In the not-so-distant past, LADC licensure could be earned with a two-year degree. Then, the state of Minnesota changed the education requirement to a four-year degree. Those holding two-year LADC certificates are allowed to practice with their certificate for five years, but after that will need to earn a four-year degree for their license to remain valid.
Together, Jarvinen, Michael and Peters developed a new pathway program so Fond Du Lac Tribal and Community College LADC students can now earn their four-year degree at Morris. Peters said that the university’s NASANTI status, combined with their “long-term, meaningful, mutually beneficial relationship with our tribal partners” helped the group earn a grant from the U.S. Department of Education to make the project possible.
“We created an online psychology program at Morris,” Peters said. “We built an agreement with Fond Du Lac where their LADC students are going to be able to enroll in our online program so that they can get their four-year degree.”
This partnership is unique in the state and should help to further boost the number of LADCs of color, Peters said.
“I think we are innovative in regards to how we partner with tribal institutions, really doing it as a reciprocal relationship to make whatever we do a win-win situation for both parties involved,” she said. “That is a novel approach.” While most non-native institutions have not always had equitable partnerships with tribal institutions, the Morris-Fond Du Lac partnership has a long history, Peters added: “I think it is important that the focus is on the relationship and maintaining it over years. That’s the kind of meaningful partnership we want to foster.”
Helping at home
Krista Gloppin came to Morris’ pre-LADC program through a circuitous route. Growing up, she knew relatives who struggled with addiction, and she never really knew how to help.
“There is some alcohol and substance use history in my family,” Gloppin said. “That’s been hard to watch.” The best way to support these relatives never felt clear, she explained: “There is no textbook that says, ‘This is the one way to help somebody through.’ It is difficult to be a loved one of somebody going through that.”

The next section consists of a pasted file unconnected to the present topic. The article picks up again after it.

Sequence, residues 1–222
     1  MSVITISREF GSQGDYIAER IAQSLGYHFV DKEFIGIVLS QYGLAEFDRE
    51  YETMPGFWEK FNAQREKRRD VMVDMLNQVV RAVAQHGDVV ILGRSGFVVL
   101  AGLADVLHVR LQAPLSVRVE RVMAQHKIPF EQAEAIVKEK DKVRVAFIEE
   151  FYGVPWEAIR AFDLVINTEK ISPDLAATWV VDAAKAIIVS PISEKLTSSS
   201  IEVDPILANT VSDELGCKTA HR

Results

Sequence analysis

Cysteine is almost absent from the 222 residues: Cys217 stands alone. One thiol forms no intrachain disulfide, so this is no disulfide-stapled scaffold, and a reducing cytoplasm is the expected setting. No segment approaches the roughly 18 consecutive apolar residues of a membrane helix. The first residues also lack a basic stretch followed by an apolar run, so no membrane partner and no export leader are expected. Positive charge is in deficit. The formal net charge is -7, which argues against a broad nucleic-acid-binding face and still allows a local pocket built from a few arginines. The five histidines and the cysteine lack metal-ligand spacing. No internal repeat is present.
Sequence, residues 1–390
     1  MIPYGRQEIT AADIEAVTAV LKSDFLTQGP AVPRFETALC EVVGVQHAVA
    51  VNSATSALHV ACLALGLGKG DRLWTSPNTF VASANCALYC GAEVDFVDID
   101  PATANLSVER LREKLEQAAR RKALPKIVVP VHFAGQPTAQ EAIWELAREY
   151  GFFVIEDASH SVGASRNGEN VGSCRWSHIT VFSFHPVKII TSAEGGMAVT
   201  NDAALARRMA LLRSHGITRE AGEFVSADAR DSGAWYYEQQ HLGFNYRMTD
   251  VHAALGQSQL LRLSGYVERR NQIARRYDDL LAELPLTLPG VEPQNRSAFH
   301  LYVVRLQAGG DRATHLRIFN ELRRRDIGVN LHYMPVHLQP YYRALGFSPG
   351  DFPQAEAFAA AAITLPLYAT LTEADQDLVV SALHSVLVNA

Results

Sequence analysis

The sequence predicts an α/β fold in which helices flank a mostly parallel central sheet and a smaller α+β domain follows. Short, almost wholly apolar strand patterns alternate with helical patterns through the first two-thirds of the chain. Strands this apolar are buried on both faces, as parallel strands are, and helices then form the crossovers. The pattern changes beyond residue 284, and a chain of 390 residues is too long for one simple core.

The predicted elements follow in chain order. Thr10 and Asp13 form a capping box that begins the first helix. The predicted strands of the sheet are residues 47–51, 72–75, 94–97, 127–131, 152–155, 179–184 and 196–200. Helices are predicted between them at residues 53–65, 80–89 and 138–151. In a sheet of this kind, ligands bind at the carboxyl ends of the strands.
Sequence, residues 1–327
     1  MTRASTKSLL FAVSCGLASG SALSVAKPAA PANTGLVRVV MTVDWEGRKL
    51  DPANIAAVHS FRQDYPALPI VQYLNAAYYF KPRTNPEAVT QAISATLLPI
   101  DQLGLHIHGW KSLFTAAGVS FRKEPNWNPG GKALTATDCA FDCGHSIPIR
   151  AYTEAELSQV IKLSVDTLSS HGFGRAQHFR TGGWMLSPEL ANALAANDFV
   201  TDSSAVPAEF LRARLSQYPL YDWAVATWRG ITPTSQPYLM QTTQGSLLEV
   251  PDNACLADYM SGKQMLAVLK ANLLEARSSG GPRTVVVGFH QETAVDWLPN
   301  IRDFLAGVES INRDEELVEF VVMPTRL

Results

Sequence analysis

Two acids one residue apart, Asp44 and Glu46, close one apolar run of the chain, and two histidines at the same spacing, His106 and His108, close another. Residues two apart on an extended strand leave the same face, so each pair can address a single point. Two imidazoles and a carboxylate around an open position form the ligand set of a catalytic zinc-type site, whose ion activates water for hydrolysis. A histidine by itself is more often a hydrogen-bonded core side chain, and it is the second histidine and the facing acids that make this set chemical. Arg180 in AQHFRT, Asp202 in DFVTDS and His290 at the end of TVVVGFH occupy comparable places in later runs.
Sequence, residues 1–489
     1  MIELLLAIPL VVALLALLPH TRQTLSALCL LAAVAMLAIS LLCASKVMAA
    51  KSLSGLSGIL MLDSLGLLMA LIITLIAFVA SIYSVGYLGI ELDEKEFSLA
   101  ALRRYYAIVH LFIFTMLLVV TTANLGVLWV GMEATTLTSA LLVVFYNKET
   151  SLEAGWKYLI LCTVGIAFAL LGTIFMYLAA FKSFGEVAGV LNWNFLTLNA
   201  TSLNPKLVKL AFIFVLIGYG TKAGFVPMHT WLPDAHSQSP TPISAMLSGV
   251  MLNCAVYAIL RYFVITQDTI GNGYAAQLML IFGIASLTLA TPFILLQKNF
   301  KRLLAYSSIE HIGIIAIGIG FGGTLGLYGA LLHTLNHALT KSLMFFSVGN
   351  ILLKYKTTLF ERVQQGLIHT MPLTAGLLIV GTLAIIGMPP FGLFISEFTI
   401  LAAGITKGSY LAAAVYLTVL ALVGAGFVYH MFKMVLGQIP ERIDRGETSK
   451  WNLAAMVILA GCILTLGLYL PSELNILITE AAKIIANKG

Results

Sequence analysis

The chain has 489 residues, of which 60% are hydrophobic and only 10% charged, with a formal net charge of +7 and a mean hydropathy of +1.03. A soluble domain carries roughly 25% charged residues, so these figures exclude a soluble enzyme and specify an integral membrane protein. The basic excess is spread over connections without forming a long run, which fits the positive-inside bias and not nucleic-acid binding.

When Gloppin, 37, decided to finish her college degree, it made sense to enroll at Morris. She already lived in town with her husband and two elementary school-aged children, and she wanted to build a career in social services.
Gloppin’s original plan was to earn a criminal justice major with a psychology minor. Then she met with Peters, who told her about the new pre-LADC program. “I didn’t know about it,” Gloppin said. “It wasn’t on my radar. But Heather is my adviser. She explained that it was offered to all students. It just interested me.”
The more Gloppin learned about the program, it the more she felt like earning her LADC license could be a perfect fit for her interests — and her career. “I always knew I wanted to do something in a helping capacity,” she said. “This felt like a good way to accomplish that. If I was going to be able do it while doing the coursework here at Morris it worked out for me.”
It also helped to know that LADCs are in high demand statewide and that she shouldn’t have a hard time finding a job once she completed the program. “It is predicted to be one of the largest needs coming up through human services,” Gloppin said. “That reinforced my decision.”
Gloppin, who is Native American, is also committed to living and working in Greater Minnesota. “I would hope to find a job within that capacity in this area,” she said. “We’re staying in Morris.”
With the decision made to join the pre-LADC program, Gloppin is now focused on completing her coursework and looking forward to diving into her practicum next year that she hopes will include working in a local agency that supports clients with substance use disorder.
Gloppin said it feels like being an LADC is a role she’s been prepping for for most of her life, and she can’t wait to take the next step.
“I think my parents influenced me,” she said. “They looked out for people who could use help or compassion. That’s always been the kind of jobs I’ve held. I’ve been most happy in roles where I am supporting people in the community. It has always been on my mind and on my heart. I can’t wait to make that my career.”